2, 4 This method restricts the prices paid by the hospital for particular physician preference items. 2, 4 Basically, hospitals set a price ceiling for similar products across a particular category. 2, 4 A competitive environment is thus created between manufacturers of similar products and their prices. 2, 4 However, vendors could decide not to agree on the set price ceiling. Physicians would then discover they are unable to acquire specific preference items. 2, 4 The burden would then be thrust back upon the physician to change their preference.
Without a commitment from physicians to agreed upon equivalencies, if their preferred item is not available, the payment cap method will not be effective. 2, 4 The payment cap approach appears to be a generally more accepted method to standardization rather than limiting the numbers and types of preferred clinician items. In implementing an approach to standardization, whether using the formulary model or the payment cap model, utilizing a value analysis team (VAT) approach has been found to be successful. These teams are responsible for analyzing and evaluating new technology devices and supplies.
They then will make value based judgments that might or might not justify their purchase. Value analysis teams are similar to Pharmaceutical and Therapeutic committees and are designed to evaluate products based on outcomes, safety and relative costs. 4 Once the evaluations are carried out, the information obtained is then leveraged to make contracting and other tactical decisions in regards to product equivalencies. 4 Specific factors considered by value analysis teams include: technical properties and performance, efficacy and effectiveness, economic attributes, and potential for standardization.
1 (Exhibit 2) Team members might include senior management, physician representatives, nurses, and other allied health personnel. A hospital value analysis team can be effective at assessing products internally and enabling the hospital to achieve greater standardization. Physicians are uniquely positioned in the supply chain of hospitals. They can affect supply costs either negatively or positively. Hospitals, rather, are challenged to provide physicians with the tools necessary to provide quality and safe care, while at the same time keeping supply costs down.
Hospitals also find themselves competing with a myriad of vendors who are leveraging their close relationships with particular physicians to ply their devices or goods. Thus, hospitals find themselves at a disadvantage when trying to keep costs low through standardization efforts of high cost physician preference items. Value analysis teams that take either a formulary or price cap approach can be an effective strategy towards standardization and cost savings for the hospital. References 1. Schneller, ES, and Smeltzer, LR. 2006. Strategic Management of the Health Care Supply Chain.
San Francisco: Jossey-Bass. 2. Montgomery, K, Schneller, ES. Hospitals’ strategies for orchestrating selection of physician preference items. Milbank Q 2007; 85(2): 307-335. 3. Robinson, JC. Value-Based Purchasing for Medical Devices. Health Affairs 2008; 27(6): 1523-1531. 4. Ventola, CL. Challenges in Evaluating and Standardizing Medical Devices in Health Care Facilities. P&T 2008; 33(6): 348-359. 5. Burns, LR, Housman, MG, Booth Jr. , RE, Koenig, A. Implant vendors and hospitals: Competing influences over product choice by orthopedic surgeons. Health Care Management Review 2009; 34(1): 2-18.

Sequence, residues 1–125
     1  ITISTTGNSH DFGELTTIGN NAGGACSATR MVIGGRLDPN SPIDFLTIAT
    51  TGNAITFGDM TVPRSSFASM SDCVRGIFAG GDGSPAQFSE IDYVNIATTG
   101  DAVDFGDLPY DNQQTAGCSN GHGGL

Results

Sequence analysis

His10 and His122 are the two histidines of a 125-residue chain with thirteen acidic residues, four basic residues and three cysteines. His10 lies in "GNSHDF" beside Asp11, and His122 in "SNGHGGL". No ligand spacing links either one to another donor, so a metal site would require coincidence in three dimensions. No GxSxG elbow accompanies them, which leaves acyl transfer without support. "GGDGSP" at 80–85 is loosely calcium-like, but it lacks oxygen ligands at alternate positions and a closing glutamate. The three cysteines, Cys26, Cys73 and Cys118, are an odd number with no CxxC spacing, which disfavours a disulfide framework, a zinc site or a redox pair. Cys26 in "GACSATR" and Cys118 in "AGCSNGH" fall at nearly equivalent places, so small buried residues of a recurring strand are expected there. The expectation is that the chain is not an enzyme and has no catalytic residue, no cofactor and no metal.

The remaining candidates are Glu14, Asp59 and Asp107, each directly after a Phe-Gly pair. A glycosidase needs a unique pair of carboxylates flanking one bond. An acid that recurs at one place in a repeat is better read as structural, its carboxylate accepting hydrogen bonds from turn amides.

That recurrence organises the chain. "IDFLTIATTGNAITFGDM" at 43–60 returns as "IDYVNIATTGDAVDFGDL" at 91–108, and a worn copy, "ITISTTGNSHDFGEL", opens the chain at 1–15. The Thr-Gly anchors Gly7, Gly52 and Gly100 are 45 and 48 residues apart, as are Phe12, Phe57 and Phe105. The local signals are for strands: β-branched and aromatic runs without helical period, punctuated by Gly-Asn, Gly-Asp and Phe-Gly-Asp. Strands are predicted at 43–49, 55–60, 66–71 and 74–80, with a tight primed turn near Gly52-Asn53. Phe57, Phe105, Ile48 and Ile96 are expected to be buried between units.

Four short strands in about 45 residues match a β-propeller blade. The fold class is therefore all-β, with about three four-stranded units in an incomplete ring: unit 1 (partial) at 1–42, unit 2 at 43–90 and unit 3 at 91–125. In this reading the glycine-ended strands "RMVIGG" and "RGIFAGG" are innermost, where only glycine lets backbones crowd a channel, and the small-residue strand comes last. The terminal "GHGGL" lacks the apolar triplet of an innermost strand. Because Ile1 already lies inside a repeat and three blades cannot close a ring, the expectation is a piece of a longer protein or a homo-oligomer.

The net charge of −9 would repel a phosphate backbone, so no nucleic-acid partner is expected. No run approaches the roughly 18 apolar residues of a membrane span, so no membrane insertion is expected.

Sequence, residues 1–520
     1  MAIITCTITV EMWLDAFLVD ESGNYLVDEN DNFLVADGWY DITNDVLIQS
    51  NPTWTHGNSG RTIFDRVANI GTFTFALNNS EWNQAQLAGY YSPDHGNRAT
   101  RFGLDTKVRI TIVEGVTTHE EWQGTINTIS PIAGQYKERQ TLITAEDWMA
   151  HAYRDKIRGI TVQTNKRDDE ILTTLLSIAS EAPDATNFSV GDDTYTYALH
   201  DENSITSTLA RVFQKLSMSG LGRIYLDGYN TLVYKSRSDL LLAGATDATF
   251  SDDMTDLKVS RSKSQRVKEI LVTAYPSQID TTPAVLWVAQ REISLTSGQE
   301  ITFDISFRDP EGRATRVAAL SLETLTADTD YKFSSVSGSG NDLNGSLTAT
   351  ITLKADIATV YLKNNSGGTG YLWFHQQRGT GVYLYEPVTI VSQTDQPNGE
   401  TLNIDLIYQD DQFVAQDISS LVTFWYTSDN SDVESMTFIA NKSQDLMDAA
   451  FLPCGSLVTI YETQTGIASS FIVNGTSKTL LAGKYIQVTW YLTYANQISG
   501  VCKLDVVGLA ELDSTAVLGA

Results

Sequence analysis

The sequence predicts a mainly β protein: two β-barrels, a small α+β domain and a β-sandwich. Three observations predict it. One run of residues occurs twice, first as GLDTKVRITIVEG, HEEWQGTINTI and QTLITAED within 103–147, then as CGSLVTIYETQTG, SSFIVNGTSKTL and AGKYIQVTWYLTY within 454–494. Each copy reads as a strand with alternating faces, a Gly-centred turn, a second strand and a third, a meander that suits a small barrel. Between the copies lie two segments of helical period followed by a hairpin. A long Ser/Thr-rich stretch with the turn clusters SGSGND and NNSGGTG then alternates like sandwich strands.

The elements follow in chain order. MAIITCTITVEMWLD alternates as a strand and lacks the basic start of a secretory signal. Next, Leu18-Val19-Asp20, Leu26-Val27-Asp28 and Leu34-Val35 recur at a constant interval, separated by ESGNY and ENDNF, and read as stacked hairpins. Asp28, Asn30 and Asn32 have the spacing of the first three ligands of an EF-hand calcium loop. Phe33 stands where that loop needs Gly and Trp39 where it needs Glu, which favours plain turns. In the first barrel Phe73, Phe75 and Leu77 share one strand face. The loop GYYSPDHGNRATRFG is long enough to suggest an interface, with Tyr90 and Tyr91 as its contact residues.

Appendix Table 1 Rank| Factor Considered| 1| Clinical Results| 2| Ability to Reproduce Results| 3| Ease of Use| 4| Familiarity with the Product| 5| Instrumentals| 6| Representative services| 7| Price| 8| Hospital Contracts| Schneller, ES, and Smeltzer, LR. 2006. Strategic Management of the Health Care Supply Chain. San Francisco: Jossey-Bass, p. 77. Exhibit 1 Beneficiaries and Benefits of Standardization| Clinicians| 1. Error reduction| 2. Improved clinical outcomes| 3. Improved safety and reduced risk| 4. Improved quality| 5. Reduced risk from litigation| 6.
Less time spent on decision making on a day-to-day basis| | Materials management| 1. Fewer contracting and product choice decisions day-to-day| 2. Engage in strategy rather than transactions| 3. Higher organizational status and leadership| 4. Reduced staff| 5. Increased ability to manage risk| | Patient benefits| 1. Improved outcomes| 2. Improved safety| 3. Reduced levels of uncertainty| Schneller, ES, and Smeltzer, LR. 2006. Strategic Management of the Health Care Supply Chain. San Francisco: Jossey-Bass, p. 73. Exhibit 2 Factors Considered by Value Analysis Teams| 1. Technical properties and performance|.
2. Safety and risk to patients and health care workers| 3. Efficacy and effectiveness| 4. Economic attributes| 5. Acceptability to patients and clinicians (comfort, ease of use, utility)| 6. Risk of liability| 7. Potential for standardization| 8. Impact on market share and competitiveness| 9. Requirements for facility modification and work flow| 10. Manufacturer reputation and support| 11. Capacity of vendor to provide sufficient and reliable supply| Schneller, ES, and Smeltzer, LR. 2006. Strategic Management of the Health Care Supply Chain. San Francisco: Jossey-Bass, p. 82.